Crich Fete is an annual event held on Crich Recreation Ground in mid-July.
In common with tradition in many villages, the original format of the current-day fete was a carnival, starting with the crowning of the Carnival Queen in the village square. Floats, decorated prams and bicycles and people in fancy dress would parade through the village to Fritchley and back to the fete field on the common.
The Crich Parish Council web pages have an article describing the Crich Carnival from 1934, the highlight of which was a Loch Ness monster, 30ft in length, being shepherded by the Girl Guides, and a boy dressed as a Brussels sprout (winning second prize in the fancy dress). All accompanied by music provided by the Crich Silver Band.
It is notable that in 1934 the committee experienced the same pressures that we have today – ie, funding. The current Fete Committee consists of around 10 volunteers, who meet on a monthly basis throughout the year. The planning for the next fete starts immediately after the end of the last.
The main aim is to allow people from the community to gather together and have a fun and relaxing time. However, it also holds at its heart the opportunity for local groups and charities to raise funds for their own projects.
The fete itself does not aim to make a profit and is funded by the organisation of other events in the village. Our main fundraising event is the bonfire and fireworks display held each year on 5 November. Additionally, every other year we organise the village barn dance and we also raise a small amount through the provision of refreshments at the Carols Around the Tree Service at Christmas. We receive a small grant from the Parish Council, for which we are extremely grateful.
The fete costs at least £2,000 to stage, considering the costs of things like arena and other entertainments, bands, climbing walls, bouncy castles, maintenance of tents and other equipment, removal of rubbish, insurance, first aid and the provision of toilets.
Fete day itself is a flurry of activity. At 7am the committee, along with our loyal band of family and friends, gathers to transport the tents, chairs, tables, bunting and bins the short journey to the recreation ground.
Then it takes several hours to create some semblance of order. It is always a bit nerve-racking as it’s only possible to plan a certain amount in advance. We always expect the unexpected – and we always get it!
We have been doing this for some years now, so it is something of a well-oiled machine but, as they say in the Army, no plan survives first contact and we’ve had episodes where the entertainer has got on the wrong train and has had to be chased across Derbyshire to be collected and brought to the field at the last minute. We have had to clear the acts’ ‘droppings’ to allow for the dancing teams, and marshal men in kilts down from the fire station. We’ve realised the toilets haven’t arrived as 250 race runners need their pre-race nervous pee (the toilet man had forgotten!) and breathed a sigh of relief (excuse the pun) as the toilets bounced their way over the field, pulled along at speed. We have had to construct emergency shelters for hot horses and improvise communication systems as the PA has failed yet again – but these are the exceptions and normally all is fairly smooth.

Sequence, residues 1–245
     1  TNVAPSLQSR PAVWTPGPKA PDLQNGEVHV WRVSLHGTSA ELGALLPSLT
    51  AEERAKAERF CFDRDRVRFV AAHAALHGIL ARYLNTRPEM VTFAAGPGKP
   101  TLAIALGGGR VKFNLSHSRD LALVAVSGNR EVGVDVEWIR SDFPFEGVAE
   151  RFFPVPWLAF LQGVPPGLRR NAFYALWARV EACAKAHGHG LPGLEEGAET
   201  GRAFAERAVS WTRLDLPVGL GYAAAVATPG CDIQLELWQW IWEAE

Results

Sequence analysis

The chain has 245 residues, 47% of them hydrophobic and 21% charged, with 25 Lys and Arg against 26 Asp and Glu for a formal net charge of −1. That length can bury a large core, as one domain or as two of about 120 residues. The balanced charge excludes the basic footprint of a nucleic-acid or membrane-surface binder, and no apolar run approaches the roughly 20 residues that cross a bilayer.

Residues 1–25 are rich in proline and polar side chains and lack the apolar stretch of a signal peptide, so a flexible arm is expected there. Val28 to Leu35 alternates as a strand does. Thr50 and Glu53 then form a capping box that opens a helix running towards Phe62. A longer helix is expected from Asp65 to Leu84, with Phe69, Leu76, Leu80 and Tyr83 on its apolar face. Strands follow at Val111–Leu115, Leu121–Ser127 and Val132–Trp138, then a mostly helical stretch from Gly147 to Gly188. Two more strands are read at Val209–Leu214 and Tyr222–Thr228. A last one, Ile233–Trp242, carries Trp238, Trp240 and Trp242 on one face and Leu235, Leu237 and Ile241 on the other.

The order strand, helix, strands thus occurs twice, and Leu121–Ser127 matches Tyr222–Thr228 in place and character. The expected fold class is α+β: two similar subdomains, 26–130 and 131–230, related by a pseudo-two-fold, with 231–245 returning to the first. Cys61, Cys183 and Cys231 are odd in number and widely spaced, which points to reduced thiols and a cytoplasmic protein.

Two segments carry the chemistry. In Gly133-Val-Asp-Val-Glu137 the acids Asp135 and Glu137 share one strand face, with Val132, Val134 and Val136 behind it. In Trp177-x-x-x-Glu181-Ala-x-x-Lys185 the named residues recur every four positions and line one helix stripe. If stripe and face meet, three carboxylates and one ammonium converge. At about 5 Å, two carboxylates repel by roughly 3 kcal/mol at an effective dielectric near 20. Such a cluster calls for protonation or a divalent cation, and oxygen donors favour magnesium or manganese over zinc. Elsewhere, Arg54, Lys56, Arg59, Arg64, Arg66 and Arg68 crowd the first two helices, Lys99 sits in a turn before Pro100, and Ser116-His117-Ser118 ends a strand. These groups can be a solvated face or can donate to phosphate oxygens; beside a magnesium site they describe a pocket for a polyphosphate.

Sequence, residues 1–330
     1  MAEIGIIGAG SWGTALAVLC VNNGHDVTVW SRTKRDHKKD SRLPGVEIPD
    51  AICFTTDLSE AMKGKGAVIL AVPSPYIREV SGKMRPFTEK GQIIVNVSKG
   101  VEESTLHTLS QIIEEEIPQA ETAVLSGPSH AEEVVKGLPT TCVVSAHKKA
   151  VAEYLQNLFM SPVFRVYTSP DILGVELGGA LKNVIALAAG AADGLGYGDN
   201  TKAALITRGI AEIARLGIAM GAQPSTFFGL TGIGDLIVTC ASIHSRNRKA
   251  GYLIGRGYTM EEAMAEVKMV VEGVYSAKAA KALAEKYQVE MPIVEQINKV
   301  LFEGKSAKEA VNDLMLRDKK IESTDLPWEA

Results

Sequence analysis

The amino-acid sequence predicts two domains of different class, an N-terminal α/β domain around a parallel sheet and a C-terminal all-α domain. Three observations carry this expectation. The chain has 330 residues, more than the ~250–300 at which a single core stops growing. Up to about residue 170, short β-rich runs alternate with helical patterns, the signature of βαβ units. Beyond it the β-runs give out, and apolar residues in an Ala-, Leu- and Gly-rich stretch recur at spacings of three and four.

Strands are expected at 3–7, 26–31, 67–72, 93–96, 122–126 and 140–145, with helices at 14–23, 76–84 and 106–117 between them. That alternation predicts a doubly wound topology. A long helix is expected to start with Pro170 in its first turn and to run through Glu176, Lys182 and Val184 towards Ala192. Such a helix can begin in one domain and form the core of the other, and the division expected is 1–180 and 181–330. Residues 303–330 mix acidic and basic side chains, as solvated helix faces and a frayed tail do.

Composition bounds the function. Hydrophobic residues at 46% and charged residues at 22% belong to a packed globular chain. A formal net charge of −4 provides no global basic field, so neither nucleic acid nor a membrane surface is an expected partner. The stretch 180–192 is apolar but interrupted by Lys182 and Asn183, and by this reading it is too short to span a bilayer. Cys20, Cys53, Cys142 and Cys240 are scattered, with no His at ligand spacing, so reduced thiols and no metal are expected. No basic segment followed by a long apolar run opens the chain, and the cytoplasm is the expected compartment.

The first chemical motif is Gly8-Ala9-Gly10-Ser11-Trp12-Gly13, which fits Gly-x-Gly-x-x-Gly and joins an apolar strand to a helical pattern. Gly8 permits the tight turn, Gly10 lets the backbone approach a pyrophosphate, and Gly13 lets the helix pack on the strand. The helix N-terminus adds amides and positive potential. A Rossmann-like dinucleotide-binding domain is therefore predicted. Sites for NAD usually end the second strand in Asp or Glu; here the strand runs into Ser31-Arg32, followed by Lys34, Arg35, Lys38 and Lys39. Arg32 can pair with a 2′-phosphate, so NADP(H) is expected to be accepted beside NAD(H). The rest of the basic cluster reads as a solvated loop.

The afternoon passes in a blur, but it is nice to get a couple of minutes to stand on the bank and look at all the people in the field and hear the sound of children enjoying themselves, laughter rising up, and admire the colour and busyness that is those few hours once a year. Then we take it all down again, apart from the marquees, which are used for Active Crich events the next day. We do a litter sweep, enjoy a beer, some of the group sleep on the field with their dogs to guard the tents – but the rest wend their weary way home and all is over for another year.
In recent years, building on the success of the (separately run) Crich well dressings the week before, we have encouraged other events around the time of the fete to create a truly inclusive set of activities with something for everyone. Last year saw the first Crich Open Gardens event and the Crich Fitness Fortnight, now rebranded as Active Crich for Everyone (ACE). We would welcome other groups to suggest events which they could run during this time and will provide support and publicity where we can.
This year’s fete takes place on 13 July and planning is well advanced.
So far we have a Spitfire fly-past, The Barlow Red Barrows, a steel band, all the usual side shows, Crich Brass, Village Games, a dog show, bar, tea tent, BBQ, ice creams and much more. This year also sees the 10th anniversary of the Crich Monument Race, so all the runners will need a special cheer.
We are looking for entries to the Village Games. These are for teams of two children or four adults. The format is an obstacle race with water and lots of laughter, so please join in. You can enter on the day or let our Facebook team know beforehand as this helps planning.
Entry to the dog show is on the day. We have the usual ‘kennel club’ categories: waggiest tail, most like owner, biggest smile, most obedient, and nicest outfit.
The Fete Committee extends thanks to the Parish Council for its ongoing support and to the local residents for their patience and understanding on fete days.